As a small business owner, you probably already do quite a bit of accounting, and you know how hard that work can be. When it starts to become a bottleneck for your business, that’s when you begin to look for outside help – whether that means hiring someone to run your office or finding an accountant who can supplement your existing team, either way you’re left with a big choice. So how do you know when to get accounting help?
First, let’s talk about in-house hires.
Hiring an office manager
This might be one of your first hires as a small business. We see it a lot. This person typically wears a lot of hats. We’ll get more into that later, but think of an office manager as the quarterback of your back office tasks.
What does an office manager do?
Like we said, they do a lot. We can break this down into internal and external accounting, but the short version is that their job is to take administrative jobs off your plate. That can be invaluable for you as a small business owner who is experiencing meaningful growth for the first time. The organizing force a good office manager brings to a small business can be crucial. We absolutely love working with good office managers.
Internal Accounting: These tasks can include receiving bills, cutting checks, collecting invoices, and other various jobs. This is the boots-on-the-ground, everyday accounting help that doesn’t have as much to do with reporting or planning as it does with just the general day-to-day business of, well, running a business.
External Accounting: This is mostly about record keeping. In external accounting, they’ll take all the various numbers from your business and create a general ledger financial statement. While this could be helpful to you, here’s why you might want to look elsewhere for your external accounting tasks even if you want to hire an office manager.
General ledger financial statements aren’t useful to small businesses
A general ledger is an accounting record of all financial transactions in your business. This includes money leaving your business and money coming into your business. These transactions can occur across areas such as revenue, expenses, assets, and liabilities.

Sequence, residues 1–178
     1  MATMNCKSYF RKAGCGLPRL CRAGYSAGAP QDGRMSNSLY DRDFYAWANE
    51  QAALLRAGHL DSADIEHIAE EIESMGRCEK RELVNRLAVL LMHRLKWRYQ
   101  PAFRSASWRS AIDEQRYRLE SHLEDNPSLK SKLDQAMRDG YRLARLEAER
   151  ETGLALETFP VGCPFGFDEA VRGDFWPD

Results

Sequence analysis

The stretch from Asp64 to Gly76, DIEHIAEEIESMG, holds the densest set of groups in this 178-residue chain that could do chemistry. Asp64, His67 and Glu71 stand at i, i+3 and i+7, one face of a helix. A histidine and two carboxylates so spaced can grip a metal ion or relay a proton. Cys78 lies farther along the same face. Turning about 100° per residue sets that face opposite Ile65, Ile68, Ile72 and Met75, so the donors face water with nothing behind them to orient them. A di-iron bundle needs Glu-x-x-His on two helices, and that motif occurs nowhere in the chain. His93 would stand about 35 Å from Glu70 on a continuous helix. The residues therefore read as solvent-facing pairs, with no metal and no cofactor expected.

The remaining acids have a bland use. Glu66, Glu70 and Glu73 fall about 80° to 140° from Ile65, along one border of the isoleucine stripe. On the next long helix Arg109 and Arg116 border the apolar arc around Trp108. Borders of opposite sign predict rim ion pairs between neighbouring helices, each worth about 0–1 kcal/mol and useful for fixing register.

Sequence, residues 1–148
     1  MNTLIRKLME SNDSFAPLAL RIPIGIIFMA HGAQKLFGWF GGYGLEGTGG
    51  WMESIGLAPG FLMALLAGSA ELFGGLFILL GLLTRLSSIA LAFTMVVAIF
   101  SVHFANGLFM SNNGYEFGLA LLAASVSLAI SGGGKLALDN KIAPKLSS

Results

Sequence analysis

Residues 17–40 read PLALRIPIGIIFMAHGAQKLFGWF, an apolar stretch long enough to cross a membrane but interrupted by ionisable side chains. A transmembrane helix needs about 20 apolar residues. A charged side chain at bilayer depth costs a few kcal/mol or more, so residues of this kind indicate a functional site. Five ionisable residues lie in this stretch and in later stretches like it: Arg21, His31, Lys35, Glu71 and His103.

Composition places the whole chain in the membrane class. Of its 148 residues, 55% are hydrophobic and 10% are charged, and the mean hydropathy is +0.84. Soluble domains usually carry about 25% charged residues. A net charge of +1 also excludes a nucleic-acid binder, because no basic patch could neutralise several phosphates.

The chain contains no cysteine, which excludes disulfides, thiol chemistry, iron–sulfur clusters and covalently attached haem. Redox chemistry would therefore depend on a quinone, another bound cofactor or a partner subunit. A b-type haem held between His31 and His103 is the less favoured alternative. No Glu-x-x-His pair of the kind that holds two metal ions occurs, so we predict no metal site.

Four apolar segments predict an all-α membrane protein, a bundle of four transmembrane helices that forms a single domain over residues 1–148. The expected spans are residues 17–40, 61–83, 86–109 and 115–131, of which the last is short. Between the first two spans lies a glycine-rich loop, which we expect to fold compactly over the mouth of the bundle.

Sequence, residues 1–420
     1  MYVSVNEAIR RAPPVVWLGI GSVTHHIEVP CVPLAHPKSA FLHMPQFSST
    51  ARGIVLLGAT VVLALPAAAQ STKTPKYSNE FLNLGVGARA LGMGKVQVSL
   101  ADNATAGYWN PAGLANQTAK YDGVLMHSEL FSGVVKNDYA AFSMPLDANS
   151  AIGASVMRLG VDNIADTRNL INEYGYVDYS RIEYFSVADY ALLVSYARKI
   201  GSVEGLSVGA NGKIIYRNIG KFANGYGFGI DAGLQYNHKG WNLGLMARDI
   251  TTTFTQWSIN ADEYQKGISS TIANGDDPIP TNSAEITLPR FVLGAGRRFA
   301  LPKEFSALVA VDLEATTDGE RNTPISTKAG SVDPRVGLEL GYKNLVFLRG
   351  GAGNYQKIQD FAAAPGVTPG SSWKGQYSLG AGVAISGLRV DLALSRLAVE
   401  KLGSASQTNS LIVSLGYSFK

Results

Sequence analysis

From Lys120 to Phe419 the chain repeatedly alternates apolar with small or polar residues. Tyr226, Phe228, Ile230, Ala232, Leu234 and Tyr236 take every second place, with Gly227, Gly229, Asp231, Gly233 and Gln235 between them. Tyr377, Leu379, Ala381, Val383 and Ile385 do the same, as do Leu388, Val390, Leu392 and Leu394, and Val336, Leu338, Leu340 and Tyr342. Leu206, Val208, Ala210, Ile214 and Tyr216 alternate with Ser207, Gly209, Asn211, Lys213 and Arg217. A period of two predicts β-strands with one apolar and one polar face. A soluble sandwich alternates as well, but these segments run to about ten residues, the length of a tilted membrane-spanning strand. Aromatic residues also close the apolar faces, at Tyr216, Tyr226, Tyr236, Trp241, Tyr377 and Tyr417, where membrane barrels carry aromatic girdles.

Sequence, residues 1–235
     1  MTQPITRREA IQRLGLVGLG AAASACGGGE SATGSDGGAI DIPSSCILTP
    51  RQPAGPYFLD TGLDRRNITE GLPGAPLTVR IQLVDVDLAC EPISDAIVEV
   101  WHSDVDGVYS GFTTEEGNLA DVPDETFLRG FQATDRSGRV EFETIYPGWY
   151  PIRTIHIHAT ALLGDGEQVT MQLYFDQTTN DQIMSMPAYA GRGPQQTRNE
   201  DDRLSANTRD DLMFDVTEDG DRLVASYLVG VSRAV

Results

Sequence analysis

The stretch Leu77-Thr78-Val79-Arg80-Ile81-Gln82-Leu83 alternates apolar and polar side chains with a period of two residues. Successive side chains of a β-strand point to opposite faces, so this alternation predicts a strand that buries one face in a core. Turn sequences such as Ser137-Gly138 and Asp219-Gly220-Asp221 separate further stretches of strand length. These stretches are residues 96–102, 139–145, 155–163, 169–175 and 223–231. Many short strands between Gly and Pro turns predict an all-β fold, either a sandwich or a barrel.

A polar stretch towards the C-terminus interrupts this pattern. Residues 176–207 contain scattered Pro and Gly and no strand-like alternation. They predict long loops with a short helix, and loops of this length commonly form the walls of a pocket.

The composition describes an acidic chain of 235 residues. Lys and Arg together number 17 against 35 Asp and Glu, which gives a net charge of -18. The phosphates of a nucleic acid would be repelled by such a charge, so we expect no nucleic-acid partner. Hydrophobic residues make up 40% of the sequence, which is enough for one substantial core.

So what’s the problem? Ultimately, they give you TOO much information, especially if your office manager doesn’t know how to organize it correctly. We’ve seen monthly general ledger financial statements that go on for pages and pages.
Frankly, this doesn’t solve the problem of freeing up time for you. Instead of executing a plan based on a focused recording of the relevant numbers every month, you’re combing through lengthy financial statements. If there are any errors or discrepancies YOU are the one following up and double checking to make sure you’re in a good place.
How a CPA firm and an office manager work together
Like we said, we LOVE a good office manager. They’re usually QBO-adept, organized, and are able to execute plans. As a CPA firm, we routinely work with office managers, first onboarding them into our system, and then providing support and guidance as they execute your business’s plan.
That’s great for you, now you have someone fully dedicated to the internal side of your accounting business, and a team to help execute your business’s plan and higher level external accounting.
Is there a point when your business is too big for a CPA firm?
There are a few things that we don’t do much of as a CPA firm. One of the biggest of these is prepping companies to be acquired or go public. For that, you’ll ultimately want to hire a CFO. What is a CFO? Well the first thing to say is that 99% of small businesses will NOT need a CFO. Mostly they need someone who can give good advice when a situation arises – otherwise you're making an over-hire.
What does a CFO do?
CFOs operate in a strategic role for your business. They’ll come up with big picture ideas like creating an entire financial plan. They’ll also create relationships with your financing sources (banks, outside investors, etc). They’ll also have relationships with your major vendors. A company looking to hire a CFO is significantly growth-oriented. They want to be acquired, they want to go public. OR the business is so large, that they need so much heavy internal financial planning in that business dev role as a full-time job.
What CFOs aren’t good at.
CFOs are big picture people, so they make bad bookkeepers. They also make a LOT of money – usually around 200k a year. If you’re having them do accounting work, you’re overpaying them for it. Plus, they won’t be happy.
That’s why we’d recommend having SOMEONE take care of your internal accounting. So, then do you need a CPA? Well, we work with business owners all the time to create cohesive, meaningful growth plans. Interested in how that works? Schedule a call, tell us YOUR story, and let's talk about how we can help.